<img height="1" width="1" style="display:none" src="https://www.facebook.com/tr?id=1066861743425087&amp;ev=PageView&amp;noscript=1">

Body Kinetics Blog

Subscribe to Email Updates

Recent Posts

Posts by Topic

see all

The quest for Pre-Hab vs. Rehab

The Knee

The knee is a “victim joint.” That is, the knee is rarely the source of dysfunction, but rather the unfortunate victim (often painfully so) of alterations in hip and/or ankle motion. The knee has a propensity toward a “COMPENSATION PATTERN” described as a “functional valgus.” Knee valgus is also referred to as knock knee, valgus collapse and medial knee displacement. It is characterized by hip adduction and hip internal rotation, usually when in a hips-flexed position. 


It can also be thought of as knee caving (see image above.) In the past (VMO) strengthening has been the “go-to” intervention for improving knee pain, dysfunction and pathology. There is now a bounty of research that supports the statement “improving gluteal neuromuscular control as part of a comprehensive injury prevention program or following an injury is imperative for knee health.”
Studies examining individuals with patellofemoral pain syndrome, iliotibial band syndrome, ligament rupture, and even achilles tendinopathy, most often present with what is commonly observed as knees bow in (a.k.a. Functional Knee Valgus) during  movements that include squattting, running, walking, walking up or down stairs, standing on 1 leg to reach for something etc. Based on this research, there are multiple factors contributing to this ( Valgus Knee) and MULTIPLE FACTORS IS A GOOD THING. Anytime you see multiple factors contributing to a dysfunction do not think “WOW that’s complicated”, instead think “look at all the potential issues I could address”. More factors could mean more potential interventions, which could mean more opportunities for success! Woohoo!
As to what’s causing the valgus collapse, in the research it has been suggested that knee valgus can be caused by four primary factors.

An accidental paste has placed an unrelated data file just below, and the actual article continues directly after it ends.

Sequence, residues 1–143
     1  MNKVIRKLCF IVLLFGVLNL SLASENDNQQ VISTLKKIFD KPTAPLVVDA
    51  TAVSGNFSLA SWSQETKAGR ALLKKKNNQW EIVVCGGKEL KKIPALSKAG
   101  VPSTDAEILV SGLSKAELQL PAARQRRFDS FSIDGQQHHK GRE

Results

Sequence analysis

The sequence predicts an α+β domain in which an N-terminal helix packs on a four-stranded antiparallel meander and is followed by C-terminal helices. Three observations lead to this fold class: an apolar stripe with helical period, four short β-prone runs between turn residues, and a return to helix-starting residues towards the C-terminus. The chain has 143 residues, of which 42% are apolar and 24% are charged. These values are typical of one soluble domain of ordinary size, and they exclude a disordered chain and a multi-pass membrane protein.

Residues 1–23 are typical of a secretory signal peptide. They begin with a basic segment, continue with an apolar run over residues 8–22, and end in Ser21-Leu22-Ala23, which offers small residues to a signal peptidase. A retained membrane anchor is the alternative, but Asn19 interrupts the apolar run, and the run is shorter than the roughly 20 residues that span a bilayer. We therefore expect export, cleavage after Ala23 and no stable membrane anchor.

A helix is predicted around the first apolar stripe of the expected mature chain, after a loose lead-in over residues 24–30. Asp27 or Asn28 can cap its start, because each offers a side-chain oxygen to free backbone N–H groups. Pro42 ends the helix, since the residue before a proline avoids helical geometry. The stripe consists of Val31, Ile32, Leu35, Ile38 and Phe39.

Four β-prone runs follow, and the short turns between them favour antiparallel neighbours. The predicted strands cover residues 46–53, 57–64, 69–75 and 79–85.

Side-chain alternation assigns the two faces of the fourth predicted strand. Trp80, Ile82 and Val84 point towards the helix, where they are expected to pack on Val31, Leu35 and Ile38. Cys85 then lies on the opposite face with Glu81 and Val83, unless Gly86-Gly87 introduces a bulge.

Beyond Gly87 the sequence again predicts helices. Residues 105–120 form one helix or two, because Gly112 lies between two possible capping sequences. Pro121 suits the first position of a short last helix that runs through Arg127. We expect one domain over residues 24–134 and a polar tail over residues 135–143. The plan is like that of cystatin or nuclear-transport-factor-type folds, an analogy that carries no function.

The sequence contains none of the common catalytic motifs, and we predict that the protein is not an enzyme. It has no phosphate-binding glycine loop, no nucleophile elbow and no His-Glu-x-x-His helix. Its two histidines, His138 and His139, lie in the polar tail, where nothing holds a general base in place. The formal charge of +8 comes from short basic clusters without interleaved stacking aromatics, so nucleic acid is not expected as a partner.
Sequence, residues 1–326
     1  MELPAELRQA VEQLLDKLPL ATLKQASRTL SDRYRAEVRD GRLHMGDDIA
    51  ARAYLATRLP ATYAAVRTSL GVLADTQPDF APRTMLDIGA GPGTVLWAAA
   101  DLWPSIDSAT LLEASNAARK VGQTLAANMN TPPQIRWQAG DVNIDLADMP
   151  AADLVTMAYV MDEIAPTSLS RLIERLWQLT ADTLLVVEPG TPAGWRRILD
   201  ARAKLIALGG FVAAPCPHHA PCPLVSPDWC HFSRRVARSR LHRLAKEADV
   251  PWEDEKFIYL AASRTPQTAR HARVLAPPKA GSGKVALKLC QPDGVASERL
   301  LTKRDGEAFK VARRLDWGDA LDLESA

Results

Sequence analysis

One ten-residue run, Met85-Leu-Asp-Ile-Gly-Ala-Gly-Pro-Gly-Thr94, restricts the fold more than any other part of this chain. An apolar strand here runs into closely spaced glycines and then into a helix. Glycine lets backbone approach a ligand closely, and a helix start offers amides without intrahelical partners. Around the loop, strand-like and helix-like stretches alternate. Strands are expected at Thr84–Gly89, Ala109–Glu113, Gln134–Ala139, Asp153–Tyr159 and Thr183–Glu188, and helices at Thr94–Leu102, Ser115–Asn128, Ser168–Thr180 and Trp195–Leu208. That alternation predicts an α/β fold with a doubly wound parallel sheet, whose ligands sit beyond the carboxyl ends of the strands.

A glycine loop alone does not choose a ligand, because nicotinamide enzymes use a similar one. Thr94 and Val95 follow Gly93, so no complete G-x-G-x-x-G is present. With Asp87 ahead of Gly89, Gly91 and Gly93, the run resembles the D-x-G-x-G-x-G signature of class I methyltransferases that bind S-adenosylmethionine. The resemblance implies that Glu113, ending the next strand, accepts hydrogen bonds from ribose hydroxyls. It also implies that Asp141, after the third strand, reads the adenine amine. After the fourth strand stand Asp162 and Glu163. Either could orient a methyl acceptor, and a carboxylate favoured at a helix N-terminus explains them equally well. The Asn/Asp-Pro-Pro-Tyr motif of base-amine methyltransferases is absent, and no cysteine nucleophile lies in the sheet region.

1. Weak Hips
Inadequate gluteal/hip strength (gluteus minimus, glute medius, gluteus maximus, hip external rotators), possibly in conjunction with overactive hip adductors, prevents proper stabilization of the femur. The hips then move into adduction and internal rotation. And when the adductors are overactive in comparison to the glutes/hip external rotators, the knee is similarly pulled into valgus collapse.
2. Tight Ankles
Inadequate ankle dorsiflexion mobility along with tight lower leg musculature (gastrocnemius, soleus, and anterior tibialis) prevents the tibia/knee from migrating forward sufficiently. This causes the foot to compensate by pronating (allowing for more forward knee migration), forcing the tibia to internally rotate, which leads to hip internal rotation and hip adduction, and therefore knee valgus.
3. Impaired Quad Function
Inadequate VMO (vastus medialis obliquus) strength will fail to allow for proper knee stabilization, which will cause the knee to track inward.
4. Impaired Hamstring Function
Inadequate medial hamstrings (semimembranosus and semitendinosus) strength will prevent proper stabilization of the knee which will lead to some medial knee displacement, similar to what happens with impaired VMO function but on the opposite side of the thigh.
Medial Hams

What’s the First Step in Correcting Knee Valgus?

First, It is vital to solicit the help from a skilled trainer, movement specialist or conditioning coach who can give you an evidence based assessment to help you determine what is contributing to knee pain. 
1. Lack of Ankle Dorsiflexion Mobility
2. Lack of Hip Stability
3. Coordination
4. Non Optimal core strategy/weak Intrinsic stabilization system
5. A combination of all three

Reassessment is important to determine whether the initial treatment plan/program/treatment is working and will also help to determine when it is time to Progress.

This Blog was written by Debbie Abell, Interdisciplinary Movement Specialist and Educator at Movement U Department of Body Kinetics

For a limited time Debbie Abell is offering a complimentary assessment and a 3 pack special of one-on-one sessions for only $199 to help get you going. Call 415-895-5965 to schedule your free assessment today! Offer valid for first time clients of Debbie only.


Leave a comment